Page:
Who doesn’t know the story in it’s many incarnations? A powerful man falls for a beautiful woman. A beautiful, younger woman. A woman with a past. And then something happens and the man must make a choice. La Traviata, anyone?
It’s the woman’s past that Oregon Gov. John Kitzhaber can’t shake. The bombs started dropping early last fall. He appeared at hurried press conferences. Strong and chivalrous, Gov. Kitzhaber told us he loved his fiancée, Cylvia Hayes, who it appeared, last October, had lied to him by omission about her past. He told us he’d stand by her even though he looked, perhaps for the first time in his life, like a deer in the headlights. Even those of us who’d always voted for Kitzhaber and secretly admired his spunky “First Lady” said, “It’s only going to get worse.” And it has.
I am not interested in the prurient details of this tale, although there are plenty enough of them. There are only so many prurient details under the sun, and folks my age know what most of them are. For me the important thing is the drama, the hero’s journey, the arc of the story. This is a Greek tragedy, a grand opera, Shakespeare. This is a complete shit storm. A man fell in love and didn’t do his homework. A woman manipulated herself into a position of power. Hearts were broken, as was the law. As in a Greek tragedy, hubris is a strong element of the story, and there will be no winners.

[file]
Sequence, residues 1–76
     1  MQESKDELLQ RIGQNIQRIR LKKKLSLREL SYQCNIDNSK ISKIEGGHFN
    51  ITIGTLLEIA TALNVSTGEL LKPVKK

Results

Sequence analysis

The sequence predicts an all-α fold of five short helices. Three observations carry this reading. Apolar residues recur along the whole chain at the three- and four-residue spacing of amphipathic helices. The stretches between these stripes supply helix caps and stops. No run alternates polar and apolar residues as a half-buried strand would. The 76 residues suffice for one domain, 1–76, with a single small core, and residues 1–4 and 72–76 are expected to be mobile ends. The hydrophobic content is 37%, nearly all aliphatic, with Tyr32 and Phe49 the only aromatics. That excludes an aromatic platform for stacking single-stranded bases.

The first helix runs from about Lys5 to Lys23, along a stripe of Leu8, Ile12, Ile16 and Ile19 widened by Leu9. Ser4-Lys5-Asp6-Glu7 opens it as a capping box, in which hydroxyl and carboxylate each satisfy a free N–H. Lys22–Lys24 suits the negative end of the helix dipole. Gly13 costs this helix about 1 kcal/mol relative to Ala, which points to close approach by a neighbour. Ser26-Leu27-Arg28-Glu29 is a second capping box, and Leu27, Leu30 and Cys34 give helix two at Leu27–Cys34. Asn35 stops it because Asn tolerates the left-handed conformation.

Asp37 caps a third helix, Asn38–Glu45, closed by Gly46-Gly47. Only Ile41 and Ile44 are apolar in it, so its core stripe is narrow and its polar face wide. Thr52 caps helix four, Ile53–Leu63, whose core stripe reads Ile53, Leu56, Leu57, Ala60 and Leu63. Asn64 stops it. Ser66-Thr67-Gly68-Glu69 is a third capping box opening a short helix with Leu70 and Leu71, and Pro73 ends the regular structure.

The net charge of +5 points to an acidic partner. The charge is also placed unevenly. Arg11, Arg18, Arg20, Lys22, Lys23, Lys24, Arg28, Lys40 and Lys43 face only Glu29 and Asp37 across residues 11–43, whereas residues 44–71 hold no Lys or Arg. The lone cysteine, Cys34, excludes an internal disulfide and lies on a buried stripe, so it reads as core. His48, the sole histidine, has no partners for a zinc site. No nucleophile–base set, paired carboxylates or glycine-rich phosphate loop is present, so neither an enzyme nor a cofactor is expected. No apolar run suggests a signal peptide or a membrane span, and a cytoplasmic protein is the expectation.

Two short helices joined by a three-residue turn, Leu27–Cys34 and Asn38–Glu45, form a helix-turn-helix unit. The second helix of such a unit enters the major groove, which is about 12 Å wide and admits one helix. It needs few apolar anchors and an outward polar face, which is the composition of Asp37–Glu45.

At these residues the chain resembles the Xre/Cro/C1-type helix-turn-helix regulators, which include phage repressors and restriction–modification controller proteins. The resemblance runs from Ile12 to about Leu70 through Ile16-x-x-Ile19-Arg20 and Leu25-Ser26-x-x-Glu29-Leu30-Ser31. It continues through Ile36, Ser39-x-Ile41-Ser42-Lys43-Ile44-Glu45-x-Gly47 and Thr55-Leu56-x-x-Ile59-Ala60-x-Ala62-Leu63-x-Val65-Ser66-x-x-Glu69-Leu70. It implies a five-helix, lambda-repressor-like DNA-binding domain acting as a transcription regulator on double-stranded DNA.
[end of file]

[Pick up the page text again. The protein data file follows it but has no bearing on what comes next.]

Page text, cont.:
For writers, who are mostly a little bit crazy, this isn’t just politics. Regardless of whether one is for, against, or indifferent, this is the stuff great novels are made of–high stakes, ups and downs, twists and turns, and even something of a mystery. Great novels always about person or persons in a butt load of trouble.
This novel is nearing its end. In Cleopatra, an asp conveniently made it into the play and onto the stage. La Traviata died. In Greek mythology, a hero flew too close to the sun. Writers take note: This is what best-selling stories are made of.